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Top 5 wide sound stage headphones - Page 6

post #76 of 108

 

Originally Posted by swbf2cheater View Post

grado aint even on the top 15 list


I agree that none of the smaller Grados would come close to making the cut. But I also agree with the earlier poster that the jumbo GS1000 belongs in the top five. Have you ever even heard it?

post #77 of 108
Quote:
Originally Posted by Bostonears 

 


I agree that none of the smaller Grados would come close to making the cut.


 Of course not. They don't produce that artificial sense of space which seems to get everyone aroused. They'd probably place their loudspeakers 50 feet apart to try and make their listening room sound like a stadium. But it's all wrong.
 

post #78 of 108

FWIW, when I switched from my usual Beyer 880s to a pair of Audez'e (the first generation ones), I was shocked at how much more room they generated for the music. I regret not keeping that pair of headphones... That was quite something. - And yes, the sound-engineered, edited, overdubbed, recording "stage" is just as fake as the space of a movie or a computer game: some quite convincing, others pathetic, yet others playfully flirting with suspension of disbelief.

post #79 of 108

1. K1000 (the widest and perhaps the most natural, but they ARE speakers, after all) - still lovin' my pair k1000smile

2. HE90 (the best VERTICAL soundstage, in my experience, bettering the K1000 in this regard; still my over-all favorite cans to this day)

3. HE60 (not nearly as amazing as the HE90, but VERY good)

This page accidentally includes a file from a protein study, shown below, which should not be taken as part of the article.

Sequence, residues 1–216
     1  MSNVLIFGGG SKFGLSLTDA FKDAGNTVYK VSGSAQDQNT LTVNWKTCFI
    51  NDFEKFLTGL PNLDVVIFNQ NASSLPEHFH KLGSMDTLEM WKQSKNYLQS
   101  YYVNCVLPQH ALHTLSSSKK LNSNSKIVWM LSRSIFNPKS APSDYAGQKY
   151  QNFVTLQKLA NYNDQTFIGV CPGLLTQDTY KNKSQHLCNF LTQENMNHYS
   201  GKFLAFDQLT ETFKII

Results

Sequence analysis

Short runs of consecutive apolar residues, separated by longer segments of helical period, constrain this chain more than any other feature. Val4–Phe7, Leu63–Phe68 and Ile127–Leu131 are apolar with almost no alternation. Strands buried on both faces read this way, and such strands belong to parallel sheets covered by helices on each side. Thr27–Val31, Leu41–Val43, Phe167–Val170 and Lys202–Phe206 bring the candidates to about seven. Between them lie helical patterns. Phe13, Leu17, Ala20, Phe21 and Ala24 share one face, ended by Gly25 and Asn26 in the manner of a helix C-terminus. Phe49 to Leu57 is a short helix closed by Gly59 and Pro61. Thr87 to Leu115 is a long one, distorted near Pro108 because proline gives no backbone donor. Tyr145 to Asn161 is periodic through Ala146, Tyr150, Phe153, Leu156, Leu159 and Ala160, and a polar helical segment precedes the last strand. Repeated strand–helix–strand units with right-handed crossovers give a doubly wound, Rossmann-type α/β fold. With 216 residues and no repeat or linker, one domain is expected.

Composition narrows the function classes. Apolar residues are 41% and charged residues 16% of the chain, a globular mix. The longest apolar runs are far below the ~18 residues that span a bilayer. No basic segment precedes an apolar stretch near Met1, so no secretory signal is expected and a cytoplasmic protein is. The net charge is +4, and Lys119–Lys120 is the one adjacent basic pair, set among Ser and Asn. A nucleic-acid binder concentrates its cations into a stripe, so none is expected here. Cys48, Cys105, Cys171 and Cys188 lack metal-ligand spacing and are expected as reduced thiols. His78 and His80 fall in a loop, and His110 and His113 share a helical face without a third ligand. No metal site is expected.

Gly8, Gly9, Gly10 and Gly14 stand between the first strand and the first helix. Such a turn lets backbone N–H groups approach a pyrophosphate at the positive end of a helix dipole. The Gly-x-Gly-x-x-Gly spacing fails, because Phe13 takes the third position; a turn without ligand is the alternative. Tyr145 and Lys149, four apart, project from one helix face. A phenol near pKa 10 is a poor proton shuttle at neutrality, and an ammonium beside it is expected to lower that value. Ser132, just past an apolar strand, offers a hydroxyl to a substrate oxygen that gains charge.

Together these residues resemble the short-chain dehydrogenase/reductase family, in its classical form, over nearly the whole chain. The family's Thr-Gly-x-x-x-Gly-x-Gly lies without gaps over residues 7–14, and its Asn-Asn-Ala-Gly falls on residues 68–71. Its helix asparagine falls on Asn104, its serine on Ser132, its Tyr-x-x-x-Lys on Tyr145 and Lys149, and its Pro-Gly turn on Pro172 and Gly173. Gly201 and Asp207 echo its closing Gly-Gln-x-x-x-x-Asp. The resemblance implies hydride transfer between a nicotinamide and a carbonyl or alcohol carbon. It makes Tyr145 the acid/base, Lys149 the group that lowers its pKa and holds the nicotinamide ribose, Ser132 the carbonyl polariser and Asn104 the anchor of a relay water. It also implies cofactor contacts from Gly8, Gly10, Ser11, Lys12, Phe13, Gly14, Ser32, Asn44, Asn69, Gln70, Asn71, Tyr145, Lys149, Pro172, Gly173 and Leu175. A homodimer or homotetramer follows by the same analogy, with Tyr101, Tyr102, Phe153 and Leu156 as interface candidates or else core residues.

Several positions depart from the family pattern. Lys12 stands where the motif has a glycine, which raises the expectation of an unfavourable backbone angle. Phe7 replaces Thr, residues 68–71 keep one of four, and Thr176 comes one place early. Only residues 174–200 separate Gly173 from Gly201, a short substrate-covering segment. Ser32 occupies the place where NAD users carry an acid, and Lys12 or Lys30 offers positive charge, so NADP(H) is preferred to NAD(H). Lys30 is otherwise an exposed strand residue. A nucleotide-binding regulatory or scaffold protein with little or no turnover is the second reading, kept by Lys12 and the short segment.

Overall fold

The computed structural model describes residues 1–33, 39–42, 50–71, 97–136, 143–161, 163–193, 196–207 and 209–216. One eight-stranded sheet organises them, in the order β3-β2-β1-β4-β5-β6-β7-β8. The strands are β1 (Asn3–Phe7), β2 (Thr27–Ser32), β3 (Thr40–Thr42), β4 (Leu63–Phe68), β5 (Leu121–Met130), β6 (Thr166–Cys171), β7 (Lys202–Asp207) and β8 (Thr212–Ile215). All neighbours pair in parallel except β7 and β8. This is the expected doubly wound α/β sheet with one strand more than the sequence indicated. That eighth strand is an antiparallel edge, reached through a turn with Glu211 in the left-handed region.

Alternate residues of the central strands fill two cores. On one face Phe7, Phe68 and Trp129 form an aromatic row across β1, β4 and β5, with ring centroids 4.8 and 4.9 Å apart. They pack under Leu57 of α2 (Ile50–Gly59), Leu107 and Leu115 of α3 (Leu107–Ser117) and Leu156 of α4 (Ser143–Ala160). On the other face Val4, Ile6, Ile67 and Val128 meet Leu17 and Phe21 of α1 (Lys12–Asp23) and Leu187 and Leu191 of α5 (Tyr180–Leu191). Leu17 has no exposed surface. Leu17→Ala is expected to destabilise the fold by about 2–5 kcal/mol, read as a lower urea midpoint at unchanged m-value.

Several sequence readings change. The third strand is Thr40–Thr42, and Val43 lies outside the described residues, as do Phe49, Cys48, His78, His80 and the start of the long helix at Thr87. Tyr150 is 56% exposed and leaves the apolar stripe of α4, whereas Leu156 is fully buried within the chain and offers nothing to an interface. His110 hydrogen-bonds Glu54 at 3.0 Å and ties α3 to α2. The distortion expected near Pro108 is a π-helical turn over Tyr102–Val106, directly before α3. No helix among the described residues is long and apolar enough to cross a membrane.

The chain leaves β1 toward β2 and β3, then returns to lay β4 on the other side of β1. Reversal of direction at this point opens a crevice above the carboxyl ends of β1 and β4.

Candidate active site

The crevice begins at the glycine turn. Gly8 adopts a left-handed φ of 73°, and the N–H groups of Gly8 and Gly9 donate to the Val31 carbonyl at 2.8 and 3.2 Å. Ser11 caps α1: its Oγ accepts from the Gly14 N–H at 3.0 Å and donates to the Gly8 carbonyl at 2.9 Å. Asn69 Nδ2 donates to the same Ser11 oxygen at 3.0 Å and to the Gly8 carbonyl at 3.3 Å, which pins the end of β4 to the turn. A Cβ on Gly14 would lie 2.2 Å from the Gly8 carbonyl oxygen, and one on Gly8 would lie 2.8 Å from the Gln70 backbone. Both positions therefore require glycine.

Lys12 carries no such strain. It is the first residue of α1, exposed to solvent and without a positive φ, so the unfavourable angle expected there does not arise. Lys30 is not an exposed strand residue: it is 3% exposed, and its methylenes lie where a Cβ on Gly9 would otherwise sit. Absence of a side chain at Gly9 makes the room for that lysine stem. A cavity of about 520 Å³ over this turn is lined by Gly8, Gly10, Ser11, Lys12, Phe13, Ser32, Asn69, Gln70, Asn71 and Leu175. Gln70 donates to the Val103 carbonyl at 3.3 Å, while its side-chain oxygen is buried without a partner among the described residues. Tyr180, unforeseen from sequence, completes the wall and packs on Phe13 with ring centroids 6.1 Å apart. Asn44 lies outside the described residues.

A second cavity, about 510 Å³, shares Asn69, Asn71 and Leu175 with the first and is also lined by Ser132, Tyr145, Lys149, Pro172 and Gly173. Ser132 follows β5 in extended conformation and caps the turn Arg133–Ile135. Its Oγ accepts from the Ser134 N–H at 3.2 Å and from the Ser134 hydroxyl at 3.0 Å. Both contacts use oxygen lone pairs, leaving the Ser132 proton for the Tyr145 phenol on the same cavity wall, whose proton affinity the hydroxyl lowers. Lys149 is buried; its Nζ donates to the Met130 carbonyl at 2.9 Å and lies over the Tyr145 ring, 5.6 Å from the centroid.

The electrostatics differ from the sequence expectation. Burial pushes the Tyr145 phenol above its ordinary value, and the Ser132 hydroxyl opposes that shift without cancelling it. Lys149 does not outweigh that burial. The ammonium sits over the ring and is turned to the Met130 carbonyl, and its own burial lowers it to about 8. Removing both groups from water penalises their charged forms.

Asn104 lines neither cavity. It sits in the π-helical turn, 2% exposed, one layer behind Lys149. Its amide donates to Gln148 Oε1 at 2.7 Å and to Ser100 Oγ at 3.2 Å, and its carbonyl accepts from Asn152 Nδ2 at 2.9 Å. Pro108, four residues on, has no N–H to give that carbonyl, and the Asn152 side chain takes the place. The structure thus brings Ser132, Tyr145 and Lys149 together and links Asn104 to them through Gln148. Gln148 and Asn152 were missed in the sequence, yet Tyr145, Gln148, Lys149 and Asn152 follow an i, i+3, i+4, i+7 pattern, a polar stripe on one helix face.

4. SR-Omega (wide but not as natural as the Senns)

5. Omega II (wider than the original Ω, but not as pleasing as the original Ω, IMO).

 

Caveats:

I don't like the GS1000's soundstage

 

I've been away from the 'phone scene for awhile, so I haven't heard any of the new orthos, PS1000, HD800 or Beyer T1 at all (let alone spent quality time with 'em).

post #80 of 108
Quote:
Originally Posted by NeilPeart View Post

1. K1000 (the widest and perhaps the most natural, but they ARE speakers, after all) - still lovin' my pair k1000smile

2. HE90 (the best VERTICAL soundstage, in my experience, bettering the K1000 in this regard; still my over-all favorite cans to this day)

3. HE60 (not nearly as amazing as the HE90, but VERY good)

4. SR-Omega (wide but not as natural as the Senns)

5. Omega II (wider than the original Ω, but not as pleasing as the original Ω, IMO).

 

Caveats:

I don't like the GS1000's soundstage

 

I've been away from the 'phone scene for awhile, so I haven't heard any of the new orthos, PS1000, HD800 or Beyer T1 at all (let alone spent quality time with 'em).


This isn't really Neil Peart is it?

post #81 of 108
Quote:
Originally Posted by NeilPeart View Post

Top 5: My Morning Jacket-Z|Gram Parsons-G.P.|Bach-Cello Suites (Janos Starker 1965 SACD)|Opeth-Ghost Reveries|The Beatles-Revolver (Remaster)


I'd recommend Jean-Guihen Queyras' recording of the same (Harmonia Mundi) - and no, this is in fact on topic: this is a recording that gives a very accurate rendering of the soundstage. Also interesting, although less spacious, is the Martin Zeller rendering (MA Records), conveying the baroque sound in a pristine recording on a Jacobus Stainer cello in a period space. In fact, a good way of testing soundstage in headphones is to use recordings like these.

post #82 of 108

From my collection:

 

1. HD800

2. AKG 701

3. Grado RS1i

post #83 of 108

One thing that's important to note about soundstage that I haven't seen anyone else mention is that "soundstage" in the real world is all based upon the timing at which a single sound is perceived by both ears, similar to the way depth is perceived by two eyes.  So with speaker systems, soundstage is perceived when the sound from the left speakers is reached by both the left and right ears, and when the sounds from the right speaker is reached by both the left and right ears.  With headphones, you don't get that effect.  This is what the "crossfeed" plugins attempt to accomplish.  A bit of sound from the left channel is fed into the right, and vice versa.  I think soundstage is perceived better in open back headphones because it may be possible for one ear to hear some of the sound coming from the other side.